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Dear Phillies fans: My bad!

The Phillies have crushed the NL all season and are on their way to 100-plus victories. Bob Levey/Getty Images

Back on March 31, I wrote a fateful post entitled, "Why the Phillies won't make the playoffs."

And, yes, a certain group of fans have not let me forget about it. Nick Pietruszkiewicz, one of the baseball editors here, warned me; he gave me a chance to change my stance. I was stubborn. I should have listened.

So I'm here to apologize, to face the Phillies' faithful, to admit I was wrong and that I hope the ESPN cafeteria has crow on the menu today. Because I need a big, fat serving of it.

In my original post, I explained why I had the Phillies winning 90 games, losing the NL East to the Braves and the wild-card race to the Rockies and Giants. Where did I go wrong? (Besides thinking the Rockies were a good team?) The Phillies are on pace to win 105 games, which to be fair not only exceeded my expectations but those of nearly everyone outside the greater Philadelphia metropolitan area. The Vegas over/under line on the Phillies was 96.5 wins. At the start of the season, I asked the SweetSpot bloggers to predict if the Phillies would achieve the over or under on 96.5 wins; all 10 predicted the under. Baseball Prospectus projected the Phillies to win 91 games.

Still, I was off by 15 wins, although I did also write this: "Now, look ... there is a more optimistic view here: (Ryan) Howard could be better, (Jimmy) Rollins could turn back the clock and hit better, even (Roy) Halladay could be more dominating. (Joe) Blanton could be inspired by rotation-mania and have a career year. Maybe the bullpen will be fine. (Chase) Utley returns sooner than expected and plays great. It could be a 105-win team, maybe a 110-win team in a dream scenario."

So why will they win 100-plus games instead of 90? Here's what happened:

  • At the start of the season, it was believed Chase Utley would be out until after the All-Star break; instead, he returned May 23, so that was two months of a good player instead of two more months of Wilson Valdez.

  • Shane Victorino has had the best season of his career, with an OPS 122 points higher than 2010.

  • Cole Hamels entered 2011 with a career ERA of 3.53. He did have a 3.06 ERA in 2010, but he's been even better in 2011: He's pitched deeper into games, his home runs allowed have dropped from 26 to 15 (in just nine fewer innings so far), and his opponents' on-base percentage fell from .299 to .258.

  • Joe Blanton got injured ... but Vance Worley stepped in and the Phillies won his first 14 starts. Nobody could have expected that, not even Vance Worley's mother. Kyle Kendrick, much-maligned even by Phillies fans, has a solid 3.50 ERA in his 13 starts.

  • Hunter Pence provided a huge midseason boost to the offense, hitting .323/.394/.563. You can argue that I should have accounted for a trade, but he has also hit better than he ever did with the Astros.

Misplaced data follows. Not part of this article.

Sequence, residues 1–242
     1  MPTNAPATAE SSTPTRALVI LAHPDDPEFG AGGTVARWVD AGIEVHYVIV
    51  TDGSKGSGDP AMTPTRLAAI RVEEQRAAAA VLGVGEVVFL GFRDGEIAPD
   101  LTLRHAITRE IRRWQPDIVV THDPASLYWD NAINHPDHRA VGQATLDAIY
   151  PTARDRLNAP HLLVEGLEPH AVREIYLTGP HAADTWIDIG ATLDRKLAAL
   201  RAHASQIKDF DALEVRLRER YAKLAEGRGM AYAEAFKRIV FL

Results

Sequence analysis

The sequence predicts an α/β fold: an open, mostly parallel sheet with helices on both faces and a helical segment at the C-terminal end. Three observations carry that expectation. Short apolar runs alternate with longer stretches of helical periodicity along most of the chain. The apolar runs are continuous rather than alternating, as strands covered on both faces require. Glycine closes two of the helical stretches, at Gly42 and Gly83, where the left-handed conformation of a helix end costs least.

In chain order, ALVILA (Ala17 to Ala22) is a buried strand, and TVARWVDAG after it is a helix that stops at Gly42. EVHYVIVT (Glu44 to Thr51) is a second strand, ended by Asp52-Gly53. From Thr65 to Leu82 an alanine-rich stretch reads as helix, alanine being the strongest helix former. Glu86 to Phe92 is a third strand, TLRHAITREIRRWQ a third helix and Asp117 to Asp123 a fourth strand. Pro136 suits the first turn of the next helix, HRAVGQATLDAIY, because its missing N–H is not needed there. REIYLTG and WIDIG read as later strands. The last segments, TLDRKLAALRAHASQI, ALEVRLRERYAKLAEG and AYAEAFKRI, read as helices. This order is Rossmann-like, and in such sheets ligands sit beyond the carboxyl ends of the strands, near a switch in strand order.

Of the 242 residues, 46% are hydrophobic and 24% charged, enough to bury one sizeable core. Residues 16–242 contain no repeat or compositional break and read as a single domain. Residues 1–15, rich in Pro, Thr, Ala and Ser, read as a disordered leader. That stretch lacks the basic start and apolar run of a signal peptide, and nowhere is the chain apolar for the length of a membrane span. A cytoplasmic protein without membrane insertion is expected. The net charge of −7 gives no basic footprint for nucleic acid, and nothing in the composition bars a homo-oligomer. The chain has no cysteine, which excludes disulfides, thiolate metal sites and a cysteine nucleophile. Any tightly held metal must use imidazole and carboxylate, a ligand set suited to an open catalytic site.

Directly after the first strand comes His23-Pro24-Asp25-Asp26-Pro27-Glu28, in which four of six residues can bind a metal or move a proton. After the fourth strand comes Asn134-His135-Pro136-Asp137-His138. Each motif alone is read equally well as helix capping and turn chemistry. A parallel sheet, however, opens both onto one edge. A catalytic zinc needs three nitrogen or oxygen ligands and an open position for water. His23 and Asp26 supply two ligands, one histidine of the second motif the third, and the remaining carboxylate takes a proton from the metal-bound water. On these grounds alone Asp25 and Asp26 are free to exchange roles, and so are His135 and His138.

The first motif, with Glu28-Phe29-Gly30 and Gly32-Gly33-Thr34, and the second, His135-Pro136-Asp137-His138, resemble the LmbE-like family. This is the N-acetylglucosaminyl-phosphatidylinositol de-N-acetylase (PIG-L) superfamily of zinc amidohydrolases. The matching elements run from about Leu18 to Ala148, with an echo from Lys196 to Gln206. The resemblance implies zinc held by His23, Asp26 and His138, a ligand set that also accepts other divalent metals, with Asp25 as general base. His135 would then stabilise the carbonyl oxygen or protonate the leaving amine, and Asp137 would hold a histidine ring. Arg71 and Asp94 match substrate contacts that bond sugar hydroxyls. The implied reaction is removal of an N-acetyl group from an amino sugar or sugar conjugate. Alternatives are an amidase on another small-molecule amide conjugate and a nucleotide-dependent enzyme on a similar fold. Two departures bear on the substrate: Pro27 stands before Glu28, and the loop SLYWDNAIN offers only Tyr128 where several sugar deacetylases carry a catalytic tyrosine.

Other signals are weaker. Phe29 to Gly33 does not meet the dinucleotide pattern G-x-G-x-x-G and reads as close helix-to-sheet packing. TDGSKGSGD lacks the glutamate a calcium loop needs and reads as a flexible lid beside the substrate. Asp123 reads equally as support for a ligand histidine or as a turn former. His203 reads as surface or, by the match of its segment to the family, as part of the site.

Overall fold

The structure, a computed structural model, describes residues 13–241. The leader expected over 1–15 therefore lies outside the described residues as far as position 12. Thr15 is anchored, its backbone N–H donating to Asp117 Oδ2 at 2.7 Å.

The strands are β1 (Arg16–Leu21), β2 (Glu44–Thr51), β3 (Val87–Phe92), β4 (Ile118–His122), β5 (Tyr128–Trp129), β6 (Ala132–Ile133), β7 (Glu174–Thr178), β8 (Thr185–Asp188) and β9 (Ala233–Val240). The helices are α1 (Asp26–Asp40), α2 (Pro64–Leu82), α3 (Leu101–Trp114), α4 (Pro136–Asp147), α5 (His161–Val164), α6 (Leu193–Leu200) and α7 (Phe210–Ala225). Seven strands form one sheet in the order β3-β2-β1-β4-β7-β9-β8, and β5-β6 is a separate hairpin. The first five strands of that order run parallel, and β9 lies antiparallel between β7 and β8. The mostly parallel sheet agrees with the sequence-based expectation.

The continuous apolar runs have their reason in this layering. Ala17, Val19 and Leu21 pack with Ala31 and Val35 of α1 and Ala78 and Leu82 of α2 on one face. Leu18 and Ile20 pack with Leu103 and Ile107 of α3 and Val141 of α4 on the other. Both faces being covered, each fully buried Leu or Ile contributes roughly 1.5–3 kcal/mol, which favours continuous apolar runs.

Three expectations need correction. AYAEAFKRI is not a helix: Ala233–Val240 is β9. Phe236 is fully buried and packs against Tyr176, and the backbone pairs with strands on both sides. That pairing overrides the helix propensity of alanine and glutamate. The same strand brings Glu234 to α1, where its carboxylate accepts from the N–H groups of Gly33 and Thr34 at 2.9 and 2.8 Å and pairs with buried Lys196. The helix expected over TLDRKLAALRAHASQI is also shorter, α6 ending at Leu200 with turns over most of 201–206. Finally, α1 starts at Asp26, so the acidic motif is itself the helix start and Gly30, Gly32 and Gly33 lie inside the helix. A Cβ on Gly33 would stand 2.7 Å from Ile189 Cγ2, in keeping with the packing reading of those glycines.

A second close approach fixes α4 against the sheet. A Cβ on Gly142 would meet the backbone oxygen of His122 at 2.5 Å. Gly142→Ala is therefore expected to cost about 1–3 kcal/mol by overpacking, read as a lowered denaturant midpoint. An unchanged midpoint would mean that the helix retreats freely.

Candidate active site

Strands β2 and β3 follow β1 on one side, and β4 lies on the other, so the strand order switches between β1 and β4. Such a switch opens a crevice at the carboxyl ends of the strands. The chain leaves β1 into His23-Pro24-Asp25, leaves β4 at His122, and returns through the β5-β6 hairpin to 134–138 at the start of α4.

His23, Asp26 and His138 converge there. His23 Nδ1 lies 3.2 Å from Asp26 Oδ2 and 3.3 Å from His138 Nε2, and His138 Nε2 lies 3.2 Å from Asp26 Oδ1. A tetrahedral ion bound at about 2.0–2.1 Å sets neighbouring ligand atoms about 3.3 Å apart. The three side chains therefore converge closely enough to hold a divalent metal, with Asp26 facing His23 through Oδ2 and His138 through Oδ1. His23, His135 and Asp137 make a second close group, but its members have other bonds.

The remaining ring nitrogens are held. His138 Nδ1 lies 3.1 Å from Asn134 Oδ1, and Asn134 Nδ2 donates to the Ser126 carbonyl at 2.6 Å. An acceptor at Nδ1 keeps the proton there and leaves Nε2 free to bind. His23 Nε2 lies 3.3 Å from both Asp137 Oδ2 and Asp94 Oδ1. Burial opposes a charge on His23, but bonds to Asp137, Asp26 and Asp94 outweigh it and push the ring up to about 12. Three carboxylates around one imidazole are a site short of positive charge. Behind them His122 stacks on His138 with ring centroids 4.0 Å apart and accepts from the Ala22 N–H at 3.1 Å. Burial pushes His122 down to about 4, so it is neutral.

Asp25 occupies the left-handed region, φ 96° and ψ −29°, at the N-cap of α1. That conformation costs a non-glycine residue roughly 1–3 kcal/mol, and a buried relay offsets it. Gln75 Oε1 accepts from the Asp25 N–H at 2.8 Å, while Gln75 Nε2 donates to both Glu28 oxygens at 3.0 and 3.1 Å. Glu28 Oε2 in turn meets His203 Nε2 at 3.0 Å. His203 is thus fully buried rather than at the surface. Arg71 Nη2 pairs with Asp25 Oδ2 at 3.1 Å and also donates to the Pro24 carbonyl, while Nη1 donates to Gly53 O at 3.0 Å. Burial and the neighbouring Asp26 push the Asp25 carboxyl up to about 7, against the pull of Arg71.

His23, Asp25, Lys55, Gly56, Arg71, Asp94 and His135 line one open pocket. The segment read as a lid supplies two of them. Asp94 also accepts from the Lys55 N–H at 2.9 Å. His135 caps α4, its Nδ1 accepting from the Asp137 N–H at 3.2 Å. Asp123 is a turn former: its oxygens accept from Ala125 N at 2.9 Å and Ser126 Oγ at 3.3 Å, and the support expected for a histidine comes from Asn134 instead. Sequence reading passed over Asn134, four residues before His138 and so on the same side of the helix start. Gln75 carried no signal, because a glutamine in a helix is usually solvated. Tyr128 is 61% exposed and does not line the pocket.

• The bullpen has been much better than expected, posting a 3.40 ERA, more than a half-run better than last season's 4.02. Ryan Madson has been terrific as closer, which isn't necessarily a big surprise, but Antonio Bastardo turned into one of the best-setup men in the league, holding hitters to a .119 batting average. That's the lowest ever for a pitcher with at least 50 innings. So, no, I didn't quite expect that. The Phillies are 74-5 when leading after seven innings and 81-3 when leading after eight.

  • Cliff Lee has been great. But six shutouts? That's sick. He had five career entering the season.

  • The rest of the National League turned out to be less competitive than I anticipated. Maybe this is a lame excuse, but I think it's defensible. Just look at the NL East: the Mets had a rash of injuries to several of their best players; the Marlins had major injuries to their two best players, Hanley Ramirez and Josh Johnson; Ryan Zimmerman, the Nationals' best player, missed nearly 50 games, and Jayson Werth had a disappointing season.

The Phillies, meanwhile, have had a few dents and dings -- but that stuff should be expected from a lineup full of 30-somethings. For the most part, most of the players performed as expected -- Ryan Howard continued his decline, Raul Ibanez was worse, Carlos Ruiz couldn't match his superb 2010, Jimmy Rollins was better than 2010. Blanton was the only major injury, and the guy who stepped in was unbelievable. Roy Oswalt is really the only guy who wasn't as good as projected.

In the end, any team will have a wide range for a likely finish. I took the low end, and was wrong. Congrats to the Phillies for a terrific, fun, dominant season. They'll enter the playoffs as the World Series favorite and will try to break an odd trend: the team with the best record in the National League hasn't won a World Series since the 1995 Atlanta Braves. And the National League team with the best overall record in the majors hasn't won the World Series since the 1986 New York Mets.